Ritz Carltonhotel 110523053824 Phpapp02

Ritz Carltonhotel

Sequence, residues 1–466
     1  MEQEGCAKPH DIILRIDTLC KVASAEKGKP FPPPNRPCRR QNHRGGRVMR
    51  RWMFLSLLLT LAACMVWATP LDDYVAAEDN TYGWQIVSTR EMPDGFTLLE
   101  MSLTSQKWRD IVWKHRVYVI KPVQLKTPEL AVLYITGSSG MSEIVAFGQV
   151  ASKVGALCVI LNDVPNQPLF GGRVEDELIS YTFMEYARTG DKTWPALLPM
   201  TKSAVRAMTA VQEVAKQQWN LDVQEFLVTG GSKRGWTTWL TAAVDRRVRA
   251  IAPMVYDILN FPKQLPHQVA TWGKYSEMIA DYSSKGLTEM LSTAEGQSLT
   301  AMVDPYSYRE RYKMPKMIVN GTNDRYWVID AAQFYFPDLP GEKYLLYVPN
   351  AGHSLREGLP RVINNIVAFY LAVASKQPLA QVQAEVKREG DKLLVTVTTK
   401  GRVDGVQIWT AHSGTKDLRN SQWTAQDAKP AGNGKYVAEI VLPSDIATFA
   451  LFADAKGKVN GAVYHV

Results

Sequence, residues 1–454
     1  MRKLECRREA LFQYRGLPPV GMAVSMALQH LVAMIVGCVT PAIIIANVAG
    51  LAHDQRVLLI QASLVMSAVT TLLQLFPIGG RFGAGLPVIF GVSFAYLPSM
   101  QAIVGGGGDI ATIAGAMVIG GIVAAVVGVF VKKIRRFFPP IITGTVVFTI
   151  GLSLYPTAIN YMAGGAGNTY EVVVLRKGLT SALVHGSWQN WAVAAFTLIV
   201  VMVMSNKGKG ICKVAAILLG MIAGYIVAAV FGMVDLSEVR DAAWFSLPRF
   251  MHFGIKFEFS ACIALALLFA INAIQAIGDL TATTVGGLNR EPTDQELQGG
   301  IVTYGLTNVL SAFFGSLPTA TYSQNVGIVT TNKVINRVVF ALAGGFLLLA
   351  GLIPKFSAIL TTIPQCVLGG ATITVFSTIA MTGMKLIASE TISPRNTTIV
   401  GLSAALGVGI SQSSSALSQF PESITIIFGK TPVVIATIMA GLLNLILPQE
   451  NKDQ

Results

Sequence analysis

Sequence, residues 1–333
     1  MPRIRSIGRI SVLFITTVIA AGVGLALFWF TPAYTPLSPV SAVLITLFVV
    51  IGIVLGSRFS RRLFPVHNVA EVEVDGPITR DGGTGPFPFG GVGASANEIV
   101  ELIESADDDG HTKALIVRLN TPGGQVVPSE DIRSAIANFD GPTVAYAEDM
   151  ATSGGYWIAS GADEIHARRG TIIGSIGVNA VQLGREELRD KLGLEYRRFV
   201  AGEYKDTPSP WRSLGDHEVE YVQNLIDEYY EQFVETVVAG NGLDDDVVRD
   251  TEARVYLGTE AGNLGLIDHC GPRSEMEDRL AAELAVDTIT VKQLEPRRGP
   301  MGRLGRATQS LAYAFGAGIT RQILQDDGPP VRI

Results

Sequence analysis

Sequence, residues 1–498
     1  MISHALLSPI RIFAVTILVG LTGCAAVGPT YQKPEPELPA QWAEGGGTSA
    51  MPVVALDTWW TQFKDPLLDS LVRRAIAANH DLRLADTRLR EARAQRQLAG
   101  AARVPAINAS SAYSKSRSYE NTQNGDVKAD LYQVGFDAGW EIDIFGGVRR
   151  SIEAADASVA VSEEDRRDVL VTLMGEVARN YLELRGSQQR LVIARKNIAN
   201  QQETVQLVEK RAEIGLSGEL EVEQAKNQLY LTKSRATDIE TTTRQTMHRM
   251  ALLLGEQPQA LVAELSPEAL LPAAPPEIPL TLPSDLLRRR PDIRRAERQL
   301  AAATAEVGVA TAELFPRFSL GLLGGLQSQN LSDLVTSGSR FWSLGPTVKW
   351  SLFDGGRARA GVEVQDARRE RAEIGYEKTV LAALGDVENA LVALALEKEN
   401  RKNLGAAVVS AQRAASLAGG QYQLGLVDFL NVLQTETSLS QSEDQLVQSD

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  1999  Application Summary T HE R  ITZ -C ARLTON ® H OTEL C OMPANY , L.L.C. Copyright© 2000 byT HE R  ITZ -C ARLTON ® H OTEL C OMPANY , L.L.C. – All Rights Reserved    Products and Services: President &COO: Headquarters:Operations:Customer Base:1999 Revenue: Employees: History: The Ritz-Carlton Hotel Company, L.L.C. develops and operates luxury hotels for others. The hotels are de- signed and identified to appeal to and suit the re-quirements of its principal customers who consist of:(1) Meeting Event Planners and (2) Independent Busi-ness and Leisure Travelers. Horst Schulze3414 Peachtree Road, N.E.Suite 300 Atlanta, Georgia 30326 One Central Reservations OfficeSeven International Sales Offices (ISO’s)24 Hotels and Resorts in North AmericaTwo Hotels in Europe Eight Hotels and Resorts in AsiaTwo Hotels in Australia30Hotels under Development Over 800,000 Customers World-wide$1.5 Billion. A 40% increase over the previous five years.17,000 World-wide, known as The Ladies and Gentlemenof The Ritz-Carlton Established in 1983, the former owner, W.B. Johnson Properties, acquired the exclusive North Americanrights to the Ritz-Carlton trademark, the foremost name in luxury hotels. This status was largely due tothe legendary Caesar Ritz who developed and operat-ed two of the world’s best hotels in Paris and London.The hotels achieved such fame in the marketplace that they attained what is often referred to as “The Ritz  Mystique”. In 1995, The Ritz-Carlton was jointly ac-quired by Marriott International Inc. to achieve their  strategy of entering the luxury hotel segment of theindustry; the takeover/merger occurred in 1997. T HE R  ITZ -C ARLTON ® H OTEL C OMPANY , L.L.C. at a Glance Copyright© 2000 byT HE R  ITZ -C ARLTON ® H OTEL C OMPANY , L.L.C. – All Rights Reserved   1 The Ritz-Carlton Hotel Company,L.L.C. 1999 Application Summary Overview AHistory of Managing forPerformance Excellence in the Hotel Industry Previously, in tiny hotels and inns, the innkeeper di-rected activities in the organization personally, including“managing for quality”. As hotels grew in size, the volumeof activity outgrew the capacity of the innkeeper to manage by personal direction – it became necessary to delegate.Apprentices were trained in the craft and qualified  by examination to become craftsmen. The innkeeper - themaster - then delegated much of the managing for quality tothe craftsmen, subject to inspection and audit by the master.Many of our standards go back 100 years to this era of Cae-sar Ritz and the legendary Chef August Escoffier.As we entered the 20th century, the size of a hoteland its organization sharply increased. The resulting largehotels required functional departments. The innkeeper - nowa general manager - delegated to each functional departmenthead the responsibility for quality, for performing the func-tion correctly.With the emergence and growth of technology, hotel products and processes became increasingly complex. Todeal with these new complexities the hotel industry adopted the principle of separating planning from doing. Planning of the various departments was delegated to division and depart-ment heads (e.g. Food &Beverage managers, Rooms Execu-tives, Purchasing Directors, etc.). This left the job of execut-ing the plans to the first-line supervisors and the workforce.The separation of planning from execution had four major consequences.1.A factory concept emerged in which people were assigned one task rather than a single craftsman performing the en-tire sequence of tasks. In this factory approach, if task #11was causing a problem for task #24, it wasn’t identified until it reached the customer, and even then the problemlikely continued.2.A dramatic rise in productivity.3.The segregation of divisions and departments.4.Afurther distancing of upper managers from the job of managing for quality.The progressive removal of upper management frommanaging for quality produced negative effects on quality.Typically, performance either fell short of customer need or the cost to meet the need became excessive. In addition, thehotels accumulated huge chronic costs as a result of poor quality.Most hotels remained profitable despite these quali-ty deficiencies because competitors had similar problems. Ritz-Carlton Returns to the Fundamentals:Upper Management Participation Then came 1983 and Horst Schulze. The pacequickened with a lengthy procession of new Ritz-Carlton Ho-tels under development. Faced with this challenge, HorstSchulze and his team decided to personally take charge of managing for quality because they realized managing for quality could not be delegated!The upper management participation of HorstSchulze and his team ranged across a broad spectrum, butmost significant activities consisted of:ãDefining the traits of all company products which are setout in The Credo. For a full explanation of The Credo, seeFigure 1 on page 2.ãTranslating The Credo into basic standards to clarify thequality responsibilities for our Ladies and Gentlemen; themost important of which include: (1) anticipating the wish-es and needs of the guests (2) resolving their problems and (3) genuinely caring conduct towards guests and each other.ãPersonally training the Ladies and Gentlemen of a newRitz-Carlton on The Credo and Basic Standards, commonlyreferred to as The Gold Standards, which are shown on page2 as Figure 1.ãAggressively instilling a passion for excellence. Another Major Change,A ComprehensiveStructure By 1989 Horst Schulze realized that a more com- prehensive structure was necessary for the Ritz-Carlton tooptimize its performance. He selected the MalcolmBaldrige National Quality Award Criteria. Through the useof this assessment tool and the resulting feedback reports,The Ritz-Carlton developed a “Roadmap” to business excel-lence (see pages 3-4) which has attained significantly higher  performance levels. A major ingredient of this approach wasinvolving people in the planning of the work that affects them.